NEWBERG, Ore. - A mother said tattoos sent her son to the emergency room after they were given to him illegally by a high school student.
Misty Hines said her son had two tattoos done recently, while he was still 17. She had no idea where they came from until police got involved.
Stephen Matt Lister, 18, was arrested after police started investigating him in late September following a complaint from the school's nurse to the Newberg High School Resource Officer, who is a member of the Newberg Police Department.
"I would have never thought my son was getting a tattoo the night he stayed at Matt's until he showed me," Hines said. "I don't know if Matt's licensed. I didn't know if Matt was doing it out of his home."
Hines said about one week later she took her son to the emergency room because he was feeling sick.
"I thought he had a collapsed lung, he also had a large open wound on the back of his right arm from where he got the tattoo."
Newberg Police said Lister gave tattoos to at least 10 students at his apartment with a tattoo gun and without a license. At least two of the students were diagnosed with MRSA infections, a staph infection that is resistant to antibiotics. Investigators said they worried Lister was reusing some of the ink.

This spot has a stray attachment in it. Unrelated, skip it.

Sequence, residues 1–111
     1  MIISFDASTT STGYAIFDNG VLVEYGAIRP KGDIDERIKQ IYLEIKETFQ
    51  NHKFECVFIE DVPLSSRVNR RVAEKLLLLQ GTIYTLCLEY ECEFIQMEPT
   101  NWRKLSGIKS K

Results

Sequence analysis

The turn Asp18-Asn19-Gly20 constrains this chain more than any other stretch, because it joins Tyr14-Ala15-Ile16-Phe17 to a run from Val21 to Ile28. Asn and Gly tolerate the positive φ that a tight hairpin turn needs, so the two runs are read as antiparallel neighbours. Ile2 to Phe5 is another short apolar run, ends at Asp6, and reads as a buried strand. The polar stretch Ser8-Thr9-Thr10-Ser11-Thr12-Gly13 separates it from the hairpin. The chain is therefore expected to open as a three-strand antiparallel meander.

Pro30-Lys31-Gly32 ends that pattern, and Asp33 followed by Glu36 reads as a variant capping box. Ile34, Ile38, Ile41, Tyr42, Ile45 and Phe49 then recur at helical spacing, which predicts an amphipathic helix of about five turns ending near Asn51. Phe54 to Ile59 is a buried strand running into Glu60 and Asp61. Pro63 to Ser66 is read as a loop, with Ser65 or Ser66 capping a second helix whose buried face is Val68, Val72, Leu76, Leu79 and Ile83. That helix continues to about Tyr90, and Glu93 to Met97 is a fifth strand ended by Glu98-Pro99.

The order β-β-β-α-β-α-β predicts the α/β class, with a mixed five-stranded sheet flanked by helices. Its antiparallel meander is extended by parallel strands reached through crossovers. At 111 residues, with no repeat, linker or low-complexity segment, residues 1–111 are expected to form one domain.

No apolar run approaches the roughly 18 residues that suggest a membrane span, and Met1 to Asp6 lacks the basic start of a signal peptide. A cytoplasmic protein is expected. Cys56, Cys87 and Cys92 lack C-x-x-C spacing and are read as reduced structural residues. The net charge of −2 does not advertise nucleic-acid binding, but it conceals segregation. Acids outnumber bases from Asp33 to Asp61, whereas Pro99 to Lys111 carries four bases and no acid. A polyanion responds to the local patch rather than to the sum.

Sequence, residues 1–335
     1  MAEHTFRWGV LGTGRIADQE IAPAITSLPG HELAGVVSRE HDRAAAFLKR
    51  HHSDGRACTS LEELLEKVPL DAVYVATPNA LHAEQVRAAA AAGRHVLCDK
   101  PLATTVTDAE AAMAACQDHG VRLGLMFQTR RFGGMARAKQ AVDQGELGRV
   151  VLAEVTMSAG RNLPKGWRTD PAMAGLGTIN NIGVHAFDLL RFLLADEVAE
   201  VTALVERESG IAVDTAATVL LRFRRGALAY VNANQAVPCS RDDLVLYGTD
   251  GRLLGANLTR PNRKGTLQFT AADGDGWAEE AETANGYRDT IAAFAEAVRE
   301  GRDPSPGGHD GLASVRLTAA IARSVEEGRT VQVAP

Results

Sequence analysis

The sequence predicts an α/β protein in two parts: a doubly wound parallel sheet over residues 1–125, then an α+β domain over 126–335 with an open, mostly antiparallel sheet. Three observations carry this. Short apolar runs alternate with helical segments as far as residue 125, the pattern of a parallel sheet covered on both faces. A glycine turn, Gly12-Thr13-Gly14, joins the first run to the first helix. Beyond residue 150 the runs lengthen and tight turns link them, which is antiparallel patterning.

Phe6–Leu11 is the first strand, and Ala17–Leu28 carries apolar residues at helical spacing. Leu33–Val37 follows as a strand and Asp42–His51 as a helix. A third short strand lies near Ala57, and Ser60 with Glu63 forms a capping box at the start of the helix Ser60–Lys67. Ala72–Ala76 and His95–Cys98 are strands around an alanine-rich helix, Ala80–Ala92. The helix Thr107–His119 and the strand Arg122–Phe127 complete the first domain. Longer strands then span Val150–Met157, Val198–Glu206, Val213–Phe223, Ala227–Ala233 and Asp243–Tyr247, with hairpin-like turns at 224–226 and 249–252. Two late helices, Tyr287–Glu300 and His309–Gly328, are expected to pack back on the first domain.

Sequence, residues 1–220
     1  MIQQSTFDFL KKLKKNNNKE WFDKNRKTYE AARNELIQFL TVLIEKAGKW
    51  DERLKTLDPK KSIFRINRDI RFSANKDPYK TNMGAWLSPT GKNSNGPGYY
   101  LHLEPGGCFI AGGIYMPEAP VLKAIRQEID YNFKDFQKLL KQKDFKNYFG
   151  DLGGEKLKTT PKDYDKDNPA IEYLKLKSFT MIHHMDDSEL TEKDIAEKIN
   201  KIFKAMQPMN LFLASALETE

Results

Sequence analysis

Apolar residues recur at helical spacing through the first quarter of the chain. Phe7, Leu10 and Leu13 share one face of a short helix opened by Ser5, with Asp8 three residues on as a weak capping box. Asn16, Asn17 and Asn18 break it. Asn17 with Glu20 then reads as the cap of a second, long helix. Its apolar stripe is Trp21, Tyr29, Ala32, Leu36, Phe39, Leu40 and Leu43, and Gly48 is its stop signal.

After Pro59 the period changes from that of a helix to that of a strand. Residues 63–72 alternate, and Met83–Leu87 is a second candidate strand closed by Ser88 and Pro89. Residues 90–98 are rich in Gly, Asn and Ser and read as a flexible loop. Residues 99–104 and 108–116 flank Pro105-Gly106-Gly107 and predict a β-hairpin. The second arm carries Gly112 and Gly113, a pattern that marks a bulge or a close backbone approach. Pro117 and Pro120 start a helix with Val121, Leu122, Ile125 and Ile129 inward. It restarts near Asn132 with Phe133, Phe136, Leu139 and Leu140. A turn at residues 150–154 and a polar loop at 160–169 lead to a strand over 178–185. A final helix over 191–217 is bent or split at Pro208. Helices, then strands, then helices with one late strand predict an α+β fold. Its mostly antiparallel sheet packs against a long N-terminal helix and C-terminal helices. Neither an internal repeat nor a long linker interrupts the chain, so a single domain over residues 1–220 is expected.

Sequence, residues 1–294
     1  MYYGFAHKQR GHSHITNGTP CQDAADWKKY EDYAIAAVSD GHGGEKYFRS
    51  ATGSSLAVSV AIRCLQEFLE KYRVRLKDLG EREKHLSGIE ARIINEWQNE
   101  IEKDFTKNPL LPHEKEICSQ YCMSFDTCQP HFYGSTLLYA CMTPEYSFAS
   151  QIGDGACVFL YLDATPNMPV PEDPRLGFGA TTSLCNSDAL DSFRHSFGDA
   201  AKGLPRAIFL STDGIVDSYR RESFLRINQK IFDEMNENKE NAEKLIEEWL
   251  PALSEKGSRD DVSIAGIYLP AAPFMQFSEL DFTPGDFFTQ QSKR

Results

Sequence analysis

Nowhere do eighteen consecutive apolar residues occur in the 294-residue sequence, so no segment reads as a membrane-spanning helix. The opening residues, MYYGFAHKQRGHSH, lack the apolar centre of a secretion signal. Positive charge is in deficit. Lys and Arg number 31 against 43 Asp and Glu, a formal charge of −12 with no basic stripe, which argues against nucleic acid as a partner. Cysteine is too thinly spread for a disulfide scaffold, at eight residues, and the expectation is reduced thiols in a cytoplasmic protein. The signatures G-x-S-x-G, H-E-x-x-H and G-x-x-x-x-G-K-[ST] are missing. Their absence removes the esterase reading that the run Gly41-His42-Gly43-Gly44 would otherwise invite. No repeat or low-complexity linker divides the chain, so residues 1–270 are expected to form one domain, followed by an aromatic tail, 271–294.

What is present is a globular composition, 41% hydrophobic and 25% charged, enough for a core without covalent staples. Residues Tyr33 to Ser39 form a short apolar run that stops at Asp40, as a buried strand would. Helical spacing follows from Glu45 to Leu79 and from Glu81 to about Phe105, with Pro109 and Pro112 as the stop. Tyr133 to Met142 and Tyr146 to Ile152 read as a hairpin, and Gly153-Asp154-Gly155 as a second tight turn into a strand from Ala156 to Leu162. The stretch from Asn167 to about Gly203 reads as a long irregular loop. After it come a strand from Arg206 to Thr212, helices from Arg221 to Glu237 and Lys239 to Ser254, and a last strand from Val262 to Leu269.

Police said they also learned Lister was having sexual relationships with young girls who attended the school.
Lister faces numerous charges, including 10 counts of performing services in a field of practice without a license, three counts of third-degree sex abuse, two counts of third-degree sodomy and three counts of third-degree rape.
Lister's brother told KATU News that his brother gave him a tattoo but he didn't know if he was giving tattoos to other people.
"He's really good at drawing. I told him we could pursue it that way. Now he's getting in trouble for doing tattoos," said Jessy Seltus. "I've never seen him do a tattoo on anybody else."
Lister is now in the Yamhill County Jail. He called his Seltus while KATU News was interviewing him and said he's not guilty.
Investigators are urging parents to get their children checked by a doctor if they spot any new tattoos.
Hines said she still doesn't know if her son has MRSA or not.
"I feel sorry for the families. It's not something a kid should have to go through," Hines said. "What he's done has ruined so many lives."